Defense Department Unveils New, Leaner Military Plan
January 6, 2012 by Sam Rolley
President Barack Obama, Defense Secretary Leon Panetta and General Martin Dempsey, the chairman of the Joint Chiefs of Staff, released the results of the Pentagon’s strategic review of U.S. roles and missions worldwide during a Thursday morning press conference.
White House and Pentagon planners will use the strategy to fund the budget Obama will submit to Congress in February. The strategy will lead to more than $450 billion in defense cuts over the next 10 years.
The defense plan calls for reduction in Army and Marine Corps troop strength and new investments to bolster the Air Force and Navy. With the reductions in force, the Defense Department said that there will be increases in special operations and military technology in space and cyberspace.
While focusing on the United States’ ability to conduct multiple wars simultaneously and shifting importance from major grounds operations such as those in Iraq and Afghanistan, the plan calls for an increased defense focus on Asia.
Panetta said the United States is at a major national defense turning point, as the Mideast wars are coming to an end while the U.S. economy is becoming an increasing national security concern.
“The Department of Defense will play its part in helping our Nation put its fiscal house in order,” he said.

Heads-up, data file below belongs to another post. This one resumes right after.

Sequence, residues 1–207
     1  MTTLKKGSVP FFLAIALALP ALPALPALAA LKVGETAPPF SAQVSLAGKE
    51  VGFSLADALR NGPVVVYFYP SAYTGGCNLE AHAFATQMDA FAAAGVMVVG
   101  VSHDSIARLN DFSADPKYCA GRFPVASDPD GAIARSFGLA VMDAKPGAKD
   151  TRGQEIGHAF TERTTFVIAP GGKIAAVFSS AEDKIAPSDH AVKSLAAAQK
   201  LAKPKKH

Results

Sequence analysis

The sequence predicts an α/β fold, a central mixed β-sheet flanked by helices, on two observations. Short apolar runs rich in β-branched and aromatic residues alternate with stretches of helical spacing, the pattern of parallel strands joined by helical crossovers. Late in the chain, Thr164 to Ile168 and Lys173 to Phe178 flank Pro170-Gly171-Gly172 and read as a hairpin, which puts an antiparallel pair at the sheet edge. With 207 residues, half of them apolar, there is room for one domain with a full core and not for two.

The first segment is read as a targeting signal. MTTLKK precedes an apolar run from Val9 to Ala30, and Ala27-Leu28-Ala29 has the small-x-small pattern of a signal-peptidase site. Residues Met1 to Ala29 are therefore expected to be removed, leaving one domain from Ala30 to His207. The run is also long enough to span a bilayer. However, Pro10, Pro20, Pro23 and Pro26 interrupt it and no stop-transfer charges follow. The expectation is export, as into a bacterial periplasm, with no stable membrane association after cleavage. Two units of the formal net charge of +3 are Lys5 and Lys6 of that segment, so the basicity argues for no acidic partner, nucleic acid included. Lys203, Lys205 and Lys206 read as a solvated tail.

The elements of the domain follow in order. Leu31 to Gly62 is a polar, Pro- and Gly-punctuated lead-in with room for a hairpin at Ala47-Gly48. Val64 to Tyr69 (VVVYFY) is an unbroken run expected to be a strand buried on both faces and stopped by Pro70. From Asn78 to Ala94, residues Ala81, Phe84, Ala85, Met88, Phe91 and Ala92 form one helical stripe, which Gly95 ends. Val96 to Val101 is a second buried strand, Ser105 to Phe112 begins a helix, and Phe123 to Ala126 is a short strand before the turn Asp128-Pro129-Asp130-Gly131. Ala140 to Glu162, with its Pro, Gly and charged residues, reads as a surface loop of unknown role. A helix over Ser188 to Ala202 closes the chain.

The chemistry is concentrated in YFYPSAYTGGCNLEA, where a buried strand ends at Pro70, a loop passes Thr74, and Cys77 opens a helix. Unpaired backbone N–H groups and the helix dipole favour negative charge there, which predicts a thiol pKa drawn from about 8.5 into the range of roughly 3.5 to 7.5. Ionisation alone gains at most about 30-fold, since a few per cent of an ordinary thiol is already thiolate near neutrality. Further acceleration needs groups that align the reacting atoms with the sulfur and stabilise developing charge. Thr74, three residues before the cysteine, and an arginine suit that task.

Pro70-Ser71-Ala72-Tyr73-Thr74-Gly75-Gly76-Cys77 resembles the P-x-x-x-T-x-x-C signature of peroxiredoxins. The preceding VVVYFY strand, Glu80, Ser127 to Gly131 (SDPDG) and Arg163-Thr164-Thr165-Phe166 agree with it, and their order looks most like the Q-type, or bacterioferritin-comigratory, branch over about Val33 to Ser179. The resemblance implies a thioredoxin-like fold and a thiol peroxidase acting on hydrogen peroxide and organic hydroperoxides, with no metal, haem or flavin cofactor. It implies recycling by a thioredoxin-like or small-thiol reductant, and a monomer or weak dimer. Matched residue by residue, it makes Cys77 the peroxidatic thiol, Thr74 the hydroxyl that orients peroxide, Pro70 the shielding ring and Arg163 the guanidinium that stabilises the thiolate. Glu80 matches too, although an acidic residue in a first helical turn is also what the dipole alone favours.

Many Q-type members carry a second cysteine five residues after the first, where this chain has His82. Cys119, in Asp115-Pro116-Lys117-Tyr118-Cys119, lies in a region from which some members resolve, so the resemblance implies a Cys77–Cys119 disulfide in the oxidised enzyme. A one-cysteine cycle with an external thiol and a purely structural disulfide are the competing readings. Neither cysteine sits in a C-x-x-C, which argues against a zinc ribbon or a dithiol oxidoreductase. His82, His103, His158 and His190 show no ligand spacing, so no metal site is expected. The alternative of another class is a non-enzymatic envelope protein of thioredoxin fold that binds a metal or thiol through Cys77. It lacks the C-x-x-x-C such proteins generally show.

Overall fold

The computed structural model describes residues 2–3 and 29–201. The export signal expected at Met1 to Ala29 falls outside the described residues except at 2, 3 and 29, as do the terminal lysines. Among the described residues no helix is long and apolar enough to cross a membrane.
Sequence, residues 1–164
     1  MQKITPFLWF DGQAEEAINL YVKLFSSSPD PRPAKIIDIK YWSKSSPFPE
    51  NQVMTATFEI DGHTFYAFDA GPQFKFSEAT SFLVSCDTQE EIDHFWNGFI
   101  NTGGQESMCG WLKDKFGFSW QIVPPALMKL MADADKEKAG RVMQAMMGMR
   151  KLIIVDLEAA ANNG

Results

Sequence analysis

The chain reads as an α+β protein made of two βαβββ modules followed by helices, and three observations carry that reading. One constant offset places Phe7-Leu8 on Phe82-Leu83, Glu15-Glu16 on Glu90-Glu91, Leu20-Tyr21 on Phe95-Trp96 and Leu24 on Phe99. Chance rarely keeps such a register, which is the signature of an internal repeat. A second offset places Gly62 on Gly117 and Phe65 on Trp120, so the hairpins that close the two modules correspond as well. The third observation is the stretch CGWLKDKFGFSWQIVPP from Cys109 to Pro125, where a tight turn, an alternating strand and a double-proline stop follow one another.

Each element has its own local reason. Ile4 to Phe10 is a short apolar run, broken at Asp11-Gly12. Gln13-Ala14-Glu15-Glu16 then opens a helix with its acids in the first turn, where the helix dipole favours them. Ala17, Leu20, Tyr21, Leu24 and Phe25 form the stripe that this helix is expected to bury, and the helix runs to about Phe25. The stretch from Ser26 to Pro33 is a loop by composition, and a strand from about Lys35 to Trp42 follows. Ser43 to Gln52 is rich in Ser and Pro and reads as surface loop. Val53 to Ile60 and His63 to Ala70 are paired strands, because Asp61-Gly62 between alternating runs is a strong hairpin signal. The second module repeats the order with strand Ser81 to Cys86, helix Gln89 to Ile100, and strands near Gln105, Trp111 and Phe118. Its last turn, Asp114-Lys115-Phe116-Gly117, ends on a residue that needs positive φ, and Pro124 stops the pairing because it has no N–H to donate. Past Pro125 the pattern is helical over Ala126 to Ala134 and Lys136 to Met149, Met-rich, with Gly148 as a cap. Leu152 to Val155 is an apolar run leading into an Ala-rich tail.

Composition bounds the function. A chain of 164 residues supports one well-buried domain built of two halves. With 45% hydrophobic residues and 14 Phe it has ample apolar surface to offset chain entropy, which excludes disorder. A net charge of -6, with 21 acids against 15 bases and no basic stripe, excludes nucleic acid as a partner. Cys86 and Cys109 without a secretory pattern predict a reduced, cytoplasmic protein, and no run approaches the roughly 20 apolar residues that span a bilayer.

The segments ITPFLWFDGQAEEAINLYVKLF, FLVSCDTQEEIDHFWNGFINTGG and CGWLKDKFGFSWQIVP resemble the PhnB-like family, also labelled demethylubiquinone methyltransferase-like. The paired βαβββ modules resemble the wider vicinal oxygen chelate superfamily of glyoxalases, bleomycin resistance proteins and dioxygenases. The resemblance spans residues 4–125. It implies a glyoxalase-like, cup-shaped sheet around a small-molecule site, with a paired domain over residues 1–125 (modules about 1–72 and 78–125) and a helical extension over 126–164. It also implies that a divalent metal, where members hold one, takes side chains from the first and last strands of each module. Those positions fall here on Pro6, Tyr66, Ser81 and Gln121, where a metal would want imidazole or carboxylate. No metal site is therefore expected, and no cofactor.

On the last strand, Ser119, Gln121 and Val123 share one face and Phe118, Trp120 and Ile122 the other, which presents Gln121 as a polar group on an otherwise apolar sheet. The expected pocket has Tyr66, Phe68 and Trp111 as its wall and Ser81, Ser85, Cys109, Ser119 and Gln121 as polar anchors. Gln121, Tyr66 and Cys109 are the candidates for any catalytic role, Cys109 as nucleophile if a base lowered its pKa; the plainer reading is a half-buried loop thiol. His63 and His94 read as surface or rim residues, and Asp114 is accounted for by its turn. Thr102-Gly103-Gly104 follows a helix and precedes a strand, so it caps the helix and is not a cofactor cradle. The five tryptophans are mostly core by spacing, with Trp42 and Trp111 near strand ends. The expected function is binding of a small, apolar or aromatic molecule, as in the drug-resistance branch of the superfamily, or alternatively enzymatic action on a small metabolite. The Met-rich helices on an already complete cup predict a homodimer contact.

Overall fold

Regardless of the fiscal shape of the country, though, Panetta said that a change in U.S. military strategy was inevitable to meet evolving national security concerns. The Defense Secretary said that the military will continue to carry out a wide range of missions, albeit with a smaller force size. A key part of the Defense Department’s reduction in force strategy involves putting in place a plan for quickly re-establishing large forces in the event of wide-scale military conflict.
A rebalanced global focus on the Asia-Pacific region and a broader part of the Mideast region is a key part of the Defense Department’s new plan. With a smaller force, Panetta said that the United States will rely on NATO allies to carry out many defense goals in the regions. Because, Dempsey said, strategic focus is changing to the Pacific region, the United States’ defense relationship with European allies will “evolve” over the course of the next decade.
Dempsey said that it is important to note that, despite the tough economic times facing the country, the strategy is not one of a military in decline but one of looking ahead to changing needs. A specific budget will be released later in the year.